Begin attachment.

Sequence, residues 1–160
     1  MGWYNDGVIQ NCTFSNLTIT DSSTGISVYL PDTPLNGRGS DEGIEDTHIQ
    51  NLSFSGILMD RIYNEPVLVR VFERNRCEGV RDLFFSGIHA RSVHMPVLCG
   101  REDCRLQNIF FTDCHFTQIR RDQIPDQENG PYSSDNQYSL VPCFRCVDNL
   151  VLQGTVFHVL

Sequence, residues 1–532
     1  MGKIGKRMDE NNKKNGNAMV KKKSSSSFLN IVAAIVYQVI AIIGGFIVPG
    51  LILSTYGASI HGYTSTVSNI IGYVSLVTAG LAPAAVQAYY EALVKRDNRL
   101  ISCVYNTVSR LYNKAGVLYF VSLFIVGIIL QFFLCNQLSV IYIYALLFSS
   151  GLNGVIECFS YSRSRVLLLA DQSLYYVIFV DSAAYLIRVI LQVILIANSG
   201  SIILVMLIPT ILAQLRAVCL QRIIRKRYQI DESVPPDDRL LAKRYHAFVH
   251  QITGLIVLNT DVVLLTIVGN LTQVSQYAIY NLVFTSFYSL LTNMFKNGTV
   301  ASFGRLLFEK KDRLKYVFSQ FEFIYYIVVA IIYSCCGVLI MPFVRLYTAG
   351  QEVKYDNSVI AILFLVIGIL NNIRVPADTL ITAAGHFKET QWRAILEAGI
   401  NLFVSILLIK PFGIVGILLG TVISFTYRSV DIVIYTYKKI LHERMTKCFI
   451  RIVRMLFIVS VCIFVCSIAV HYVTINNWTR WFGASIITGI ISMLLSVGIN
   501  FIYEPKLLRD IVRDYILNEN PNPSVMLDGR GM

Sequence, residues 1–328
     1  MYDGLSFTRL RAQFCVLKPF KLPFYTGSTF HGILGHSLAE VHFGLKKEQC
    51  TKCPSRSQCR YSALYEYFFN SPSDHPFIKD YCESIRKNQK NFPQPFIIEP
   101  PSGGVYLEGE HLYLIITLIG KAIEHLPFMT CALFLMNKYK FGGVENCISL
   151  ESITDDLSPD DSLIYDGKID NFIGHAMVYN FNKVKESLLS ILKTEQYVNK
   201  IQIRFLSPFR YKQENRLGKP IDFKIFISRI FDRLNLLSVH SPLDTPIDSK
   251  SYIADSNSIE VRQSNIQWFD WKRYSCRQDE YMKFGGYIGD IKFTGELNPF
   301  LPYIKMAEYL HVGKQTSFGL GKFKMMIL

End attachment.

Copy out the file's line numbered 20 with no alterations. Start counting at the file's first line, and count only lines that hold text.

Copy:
    51  TKCPSRSQCR YSALYEYFFN SPSDHPFIKD YCESIRKNQK NFPQPFIIEP